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Stay Away from Power Lines during Spring Chores


Whether you’re pruning a tree,


installing an antenna or operating farm equipment, steer clear of over- head power lines. Contact with a live wire can dam- age your equipment. If you’re touch-


Any closer is too close for safety. • Assume any wire you see is a


live electrical line. Do not assume the wire is a telephone or cable line. Call your NFEC to make absolutely sure. Do not touch a branch if it is touch- ing a wire. If the wire breaks, assume it is energized and can injure or kill you. Report the problem to NFEC and keep everyone away from it until help arrives. • If you’re using a ladder, keep it


far enough away from all power lines that it won’t touch one if it falls over. The Consumer Product Safety Com- mission reports that ladders contact- ing power lines cause 9 percent of electrocutions each year. • Take the day off if it rains. Climbing ladders and working with big equipment in bad weather is an invitation for you to lose your footing and knock something – or yourself – into a power line.


Refresh Your Home this Spring


See More Clearly with Task Lighting


ing that equipment when it makes that content, it can seriously injure or even kill you.


• If it looks like you or your


equipment will come within 15 feet of any power line, make a new plan.


Hidden


Account Number If you see your account


number in this newsletter, call our office, identify yourself and the number. We will credit your electric bill $25. The number may be located anywhere in the newsletter and is chosen at random. If you don’t know your account


number, call our office or look on your bill. To get the credit, you must call before the next month’s newsletter is mailed.


Looking for a quick and inexpen- sive way to spruce up your home for spring? Upgrade the lighting.


Your best bet: Add task light- ing—extra lights installed right where you focus your attention in each room. Here are some ideas:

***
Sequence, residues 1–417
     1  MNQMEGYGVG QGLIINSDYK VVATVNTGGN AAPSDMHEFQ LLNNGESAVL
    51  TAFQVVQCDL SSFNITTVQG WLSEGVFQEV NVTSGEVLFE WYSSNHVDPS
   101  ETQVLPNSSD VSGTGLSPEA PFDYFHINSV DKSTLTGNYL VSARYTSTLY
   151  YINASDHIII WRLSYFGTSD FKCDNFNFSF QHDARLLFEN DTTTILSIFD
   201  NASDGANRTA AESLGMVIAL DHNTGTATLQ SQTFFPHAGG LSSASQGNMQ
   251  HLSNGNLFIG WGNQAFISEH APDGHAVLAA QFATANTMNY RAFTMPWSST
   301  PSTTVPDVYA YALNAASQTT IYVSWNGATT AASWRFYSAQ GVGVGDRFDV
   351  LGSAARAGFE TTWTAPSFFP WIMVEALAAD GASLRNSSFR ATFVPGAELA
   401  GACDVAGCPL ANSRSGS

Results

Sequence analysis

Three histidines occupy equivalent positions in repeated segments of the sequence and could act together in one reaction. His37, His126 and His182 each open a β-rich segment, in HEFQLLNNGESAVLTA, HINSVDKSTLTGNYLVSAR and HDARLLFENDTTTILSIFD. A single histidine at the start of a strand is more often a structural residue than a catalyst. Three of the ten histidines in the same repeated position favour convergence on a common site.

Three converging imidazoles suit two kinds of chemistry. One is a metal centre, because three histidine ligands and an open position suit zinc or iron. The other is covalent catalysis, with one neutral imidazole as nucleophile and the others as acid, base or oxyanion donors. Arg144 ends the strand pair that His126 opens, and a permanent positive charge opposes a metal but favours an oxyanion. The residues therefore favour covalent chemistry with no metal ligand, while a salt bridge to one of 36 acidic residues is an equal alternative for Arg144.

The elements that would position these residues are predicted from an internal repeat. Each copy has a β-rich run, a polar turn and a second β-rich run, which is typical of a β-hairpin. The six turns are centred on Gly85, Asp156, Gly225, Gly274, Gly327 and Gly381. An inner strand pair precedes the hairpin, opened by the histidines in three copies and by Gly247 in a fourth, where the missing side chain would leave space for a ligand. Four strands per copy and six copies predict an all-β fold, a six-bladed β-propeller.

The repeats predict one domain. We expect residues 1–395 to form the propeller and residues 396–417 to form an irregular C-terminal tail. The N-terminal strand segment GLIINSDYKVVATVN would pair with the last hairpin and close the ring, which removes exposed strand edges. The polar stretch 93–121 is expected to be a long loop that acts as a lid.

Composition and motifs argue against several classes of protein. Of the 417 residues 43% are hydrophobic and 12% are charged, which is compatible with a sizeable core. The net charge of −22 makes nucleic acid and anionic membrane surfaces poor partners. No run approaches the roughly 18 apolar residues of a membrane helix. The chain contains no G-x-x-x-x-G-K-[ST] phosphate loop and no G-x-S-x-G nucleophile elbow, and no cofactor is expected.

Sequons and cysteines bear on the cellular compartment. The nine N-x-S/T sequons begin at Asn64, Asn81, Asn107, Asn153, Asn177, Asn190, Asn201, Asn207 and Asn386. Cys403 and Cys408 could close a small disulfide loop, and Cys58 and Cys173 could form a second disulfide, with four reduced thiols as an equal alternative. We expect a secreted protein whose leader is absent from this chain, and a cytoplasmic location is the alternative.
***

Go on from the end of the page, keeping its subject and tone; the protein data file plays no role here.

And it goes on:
In the kitchen: Install small LED lights underneath cabinets so they shine directly onto the countertops where you chop, blend and arrange your food. Add pendant lights over the sink and countertop to enhance the light from your overhead fixture. They will beam directly onto the surface where you eat, write your to-do list and catch up on work.


In the bathroom: Repaint the master bathroom in a neutral color that will give off a natural, color-free light. Then, replace your over-the- mirror strip of lights with vertical wall sconces or ceiling lights to keep the light focused on your face rather than


on the mirror, and to eliminate natural shading under eyebrows, nose and chin.


In hallways and along staircases:


A big cause of falls at home: not enough light. Missteps usually happen because someone didn’t see the step. Consider dim, theater-style indoor path lighting that goes up every stair- case and stays on 24/7.


In closets: Use sufficient light- ing; non-fluorescent lighting is more flattering in a roomy closet where you dress and look in the mirror.


In a hobby room: Consider wheth- er you sit or stand as you work on your projects, whether you work with colors or with small embellishments like brads and eyelets, and whether you need to thread needles. Add task lighting right at your work table at eye level. Overhead lights might not be enough.


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